This signal flow should enable you to bypass the Arpeggiator with a switch. If notes gets stuck, simply stop playback and restart.This signal flow should enable you to bypass the Arpeggiator with a switch. If notes gets stuck, simply stop playback and restart.Delete the cable from the Monitor object, labelled 'Input View', that runs to the Arpeggiator. Cable the outlet from that to the Cable Switcher. Cable the first outlet of the Cable Switcher object to the second Monitor object and cable the second outlet of the Cable Switcher to the Arpeggiator object. Lastly, cable the outlet of the Text Fader to the Cable Switcher and test your new signal flow.

Clicking the Text Fader should switch the Cable Switcher up and down. You should now play some notes on your keyboard, to verify that you can bypass the Arpeggiator with the switch.

We're now going to create some extra controls to change the parameters of the Arpeggiator object. The first thing to do is click on the Arpeggiator object and look across to the Inspector Controller Base. The Controller Base allows us to specify the continuous controller (CC) number of the first parameter direction, and the subsequent controller numbers change the other nine parameters. We need to set the Controller Base to 20.

For our user interface, we'll make buttons to control the Resolution, Length and Octave parameters and a slider for the Crescendo parameter. Let's tackle the Resolution parameter first.

  • Go New / Fader / Button 3 and resize the button object so that it's large enough to click on easily.
  • With the button highlighted, go to the Inspector and set the Output to Control, the Channel to 1 and the CC number (‑1‑) to 24. Set Range to 2 2.
  • Cable the outlet of the button to the inlet of the Arpeggiator object.
  • Click on the Arpeggiator object to select it and watch the resolution parameter in the Inspector. Click the centre of the button object and you will see the Resolution parameter change to 1 1.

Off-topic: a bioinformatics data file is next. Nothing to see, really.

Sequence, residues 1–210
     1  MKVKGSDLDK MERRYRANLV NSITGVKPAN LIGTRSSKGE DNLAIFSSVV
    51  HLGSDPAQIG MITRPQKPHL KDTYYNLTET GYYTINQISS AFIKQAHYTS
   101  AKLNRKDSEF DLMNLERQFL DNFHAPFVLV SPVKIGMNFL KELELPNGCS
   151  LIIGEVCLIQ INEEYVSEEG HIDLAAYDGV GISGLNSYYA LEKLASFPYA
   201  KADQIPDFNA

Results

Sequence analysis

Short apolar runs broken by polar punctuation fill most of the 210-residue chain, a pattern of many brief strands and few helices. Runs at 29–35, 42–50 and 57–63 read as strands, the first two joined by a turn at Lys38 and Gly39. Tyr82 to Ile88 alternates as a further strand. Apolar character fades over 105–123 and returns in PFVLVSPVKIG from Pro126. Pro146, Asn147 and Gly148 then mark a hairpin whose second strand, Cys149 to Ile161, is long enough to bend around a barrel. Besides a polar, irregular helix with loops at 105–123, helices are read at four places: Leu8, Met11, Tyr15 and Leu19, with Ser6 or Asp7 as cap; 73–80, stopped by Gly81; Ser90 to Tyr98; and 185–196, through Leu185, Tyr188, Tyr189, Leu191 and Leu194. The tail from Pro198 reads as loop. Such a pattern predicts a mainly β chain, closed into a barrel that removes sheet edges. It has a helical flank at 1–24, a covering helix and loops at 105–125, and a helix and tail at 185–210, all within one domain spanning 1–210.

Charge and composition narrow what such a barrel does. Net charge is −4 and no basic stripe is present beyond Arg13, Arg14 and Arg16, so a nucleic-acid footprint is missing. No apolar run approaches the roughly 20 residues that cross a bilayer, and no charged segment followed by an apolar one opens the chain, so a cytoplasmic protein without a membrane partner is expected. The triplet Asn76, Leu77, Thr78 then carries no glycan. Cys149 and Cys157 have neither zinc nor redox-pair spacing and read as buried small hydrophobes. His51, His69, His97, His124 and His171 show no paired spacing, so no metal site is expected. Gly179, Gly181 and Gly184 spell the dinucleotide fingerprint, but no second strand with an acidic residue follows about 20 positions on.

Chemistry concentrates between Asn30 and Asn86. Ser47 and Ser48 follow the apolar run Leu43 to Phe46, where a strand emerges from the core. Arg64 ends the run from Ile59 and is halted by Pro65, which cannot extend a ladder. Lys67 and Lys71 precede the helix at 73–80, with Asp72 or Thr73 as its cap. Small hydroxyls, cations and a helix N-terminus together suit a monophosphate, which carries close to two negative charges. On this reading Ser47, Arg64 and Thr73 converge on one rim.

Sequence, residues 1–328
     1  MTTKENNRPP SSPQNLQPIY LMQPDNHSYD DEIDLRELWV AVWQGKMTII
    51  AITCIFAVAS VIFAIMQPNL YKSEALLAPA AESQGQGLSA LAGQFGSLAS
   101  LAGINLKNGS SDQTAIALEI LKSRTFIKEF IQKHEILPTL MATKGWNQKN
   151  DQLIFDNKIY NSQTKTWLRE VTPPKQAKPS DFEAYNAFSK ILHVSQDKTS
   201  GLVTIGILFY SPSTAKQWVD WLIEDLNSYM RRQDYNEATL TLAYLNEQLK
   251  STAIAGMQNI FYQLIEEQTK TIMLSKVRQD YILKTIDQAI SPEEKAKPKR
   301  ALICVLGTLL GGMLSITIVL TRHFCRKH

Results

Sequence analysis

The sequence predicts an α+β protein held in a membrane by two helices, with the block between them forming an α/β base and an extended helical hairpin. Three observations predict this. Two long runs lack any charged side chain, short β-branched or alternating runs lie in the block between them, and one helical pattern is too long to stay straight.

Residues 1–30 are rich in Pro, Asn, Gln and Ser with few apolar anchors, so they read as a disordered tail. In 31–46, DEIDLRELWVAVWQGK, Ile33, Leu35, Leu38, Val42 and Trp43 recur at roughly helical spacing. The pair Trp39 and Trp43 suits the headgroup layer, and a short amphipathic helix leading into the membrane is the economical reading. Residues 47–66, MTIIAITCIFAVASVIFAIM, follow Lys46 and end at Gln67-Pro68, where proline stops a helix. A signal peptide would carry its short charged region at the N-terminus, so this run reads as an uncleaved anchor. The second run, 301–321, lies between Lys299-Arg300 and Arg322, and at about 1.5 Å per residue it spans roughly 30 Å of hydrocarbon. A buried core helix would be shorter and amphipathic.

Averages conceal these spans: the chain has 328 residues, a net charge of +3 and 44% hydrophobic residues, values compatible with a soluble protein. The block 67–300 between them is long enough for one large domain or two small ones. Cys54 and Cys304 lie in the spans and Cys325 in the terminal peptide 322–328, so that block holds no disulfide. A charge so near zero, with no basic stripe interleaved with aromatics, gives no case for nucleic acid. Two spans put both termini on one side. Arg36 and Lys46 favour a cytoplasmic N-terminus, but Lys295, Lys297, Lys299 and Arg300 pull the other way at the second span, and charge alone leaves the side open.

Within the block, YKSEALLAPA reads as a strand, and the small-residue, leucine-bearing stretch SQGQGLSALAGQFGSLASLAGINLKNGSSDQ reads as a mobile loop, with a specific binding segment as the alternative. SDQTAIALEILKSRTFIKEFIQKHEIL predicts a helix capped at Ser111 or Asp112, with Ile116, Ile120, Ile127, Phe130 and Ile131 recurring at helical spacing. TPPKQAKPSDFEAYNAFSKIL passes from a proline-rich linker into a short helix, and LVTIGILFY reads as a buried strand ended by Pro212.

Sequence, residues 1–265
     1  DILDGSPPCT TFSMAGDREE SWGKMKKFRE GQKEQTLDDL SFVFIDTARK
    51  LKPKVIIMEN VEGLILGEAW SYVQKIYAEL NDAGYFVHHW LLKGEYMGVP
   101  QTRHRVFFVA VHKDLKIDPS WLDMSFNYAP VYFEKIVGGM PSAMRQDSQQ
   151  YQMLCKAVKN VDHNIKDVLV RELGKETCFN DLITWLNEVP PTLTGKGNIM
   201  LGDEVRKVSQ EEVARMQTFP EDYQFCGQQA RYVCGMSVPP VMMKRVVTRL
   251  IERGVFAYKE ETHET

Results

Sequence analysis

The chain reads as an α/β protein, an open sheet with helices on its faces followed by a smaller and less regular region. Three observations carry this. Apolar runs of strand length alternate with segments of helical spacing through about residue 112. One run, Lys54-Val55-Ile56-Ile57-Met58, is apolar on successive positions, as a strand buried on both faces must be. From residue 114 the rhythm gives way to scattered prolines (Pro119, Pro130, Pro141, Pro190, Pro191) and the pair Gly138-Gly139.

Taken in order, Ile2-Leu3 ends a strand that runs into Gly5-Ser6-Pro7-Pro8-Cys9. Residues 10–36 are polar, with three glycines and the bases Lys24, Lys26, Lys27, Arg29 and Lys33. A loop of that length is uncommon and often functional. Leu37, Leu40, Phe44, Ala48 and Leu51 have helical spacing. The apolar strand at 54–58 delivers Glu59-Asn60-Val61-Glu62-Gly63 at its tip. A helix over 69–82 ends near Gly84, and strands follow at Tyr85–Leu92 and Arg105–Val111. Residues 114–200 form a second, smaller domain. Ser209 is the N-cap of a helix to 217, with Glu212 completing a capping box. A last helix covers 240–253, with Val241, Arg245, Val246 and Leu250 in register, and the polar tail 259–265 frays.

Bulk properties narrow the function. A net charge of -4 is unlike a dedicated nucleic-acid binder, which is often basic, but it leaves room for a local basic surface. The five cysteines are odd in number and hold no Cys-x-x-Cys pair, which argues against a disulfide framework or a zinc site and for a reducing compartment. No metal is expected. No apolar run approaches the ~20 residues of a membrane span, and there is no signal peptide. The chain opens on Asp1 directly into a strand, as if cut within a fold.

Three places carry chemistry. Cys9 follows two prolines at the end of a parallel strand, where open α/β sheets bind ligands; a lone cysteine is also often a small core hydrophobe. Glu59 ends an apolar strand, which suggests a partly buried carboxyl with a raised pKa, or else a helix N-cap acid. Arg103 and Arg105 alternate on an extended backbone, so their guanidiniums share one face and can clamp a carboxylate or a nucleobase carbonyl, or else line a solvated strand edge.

• Copy that button 19 times and change the Range of each button so that the first has a Range of 0 0, the second's Range is 1 1, and so on through to button 20, which should have a Range of 20 20.

Now we'll create a similar set of buttons to control the length of the arpeggiated notes.

  • Highlight all the buttons you've just created, by drawing a box around them, and Option‑click‑drag them to copy them to an empty space in the Environment.
  • Change their Outputs to CC 25.
  • Create and cable a few more buttons that output continuous controller 28, to control the Octave parameter of the Arpeggiator.
  • To create a slider to adjust the Crescendo parameter, go New / Fader / Vertical 1, then select the newly created fader object and set it to output continuous controller 29.
  • Now cable this slider to the inlet of the Arpeggiator object.

You can resize, rearrange and change the colours of your control objects as you wish.Option‑C will bring up the colour palette.You can resize and rearrange your control objects as you wish, so that they sit neatly in your Logic Environment. Any changes to colour and layout should be done at this stage.You can resize and rearrange your control objects as you wish, so that they sit neatly in your Logic Environment. Any changes to colour and layout should be done at this stage.

  • To finish, copy the control objects to a new window and place them next to the Arrange page.
  • Call up a second Environment window and, in the Inspector, click on the arrow button next to the Layer menu. Choose 'Create Layer'.
  • Having arranged these two side‑by‑side, highlight the buttons and sliders in the Clicks and Ports Environment while holding down Option, and drag and drop them into the other Environment window. Carry out any final size and layout changes now.
  • From the Environment's View menu, un‑tick 'Show Cabling' and choose 'Protect Cabling and Positions'.
  • Press Option-Command-I to hide the Inspector and, in the top left‑hand corner of the Environment, click the Link button until it is grey; the window will now remain as you set it.
  • Go to the Environment's View menu and choose 'Frameless Floating Window'. Resize the window so that it fits nicely next to your Arrange page and, from the Screenset menu, choose 'Lock'.

Congratulations! You have now created a useful, ergonomic interface for your custom Arpeggiator, which you can refine until it contains your favourite controls.    

Published May 2010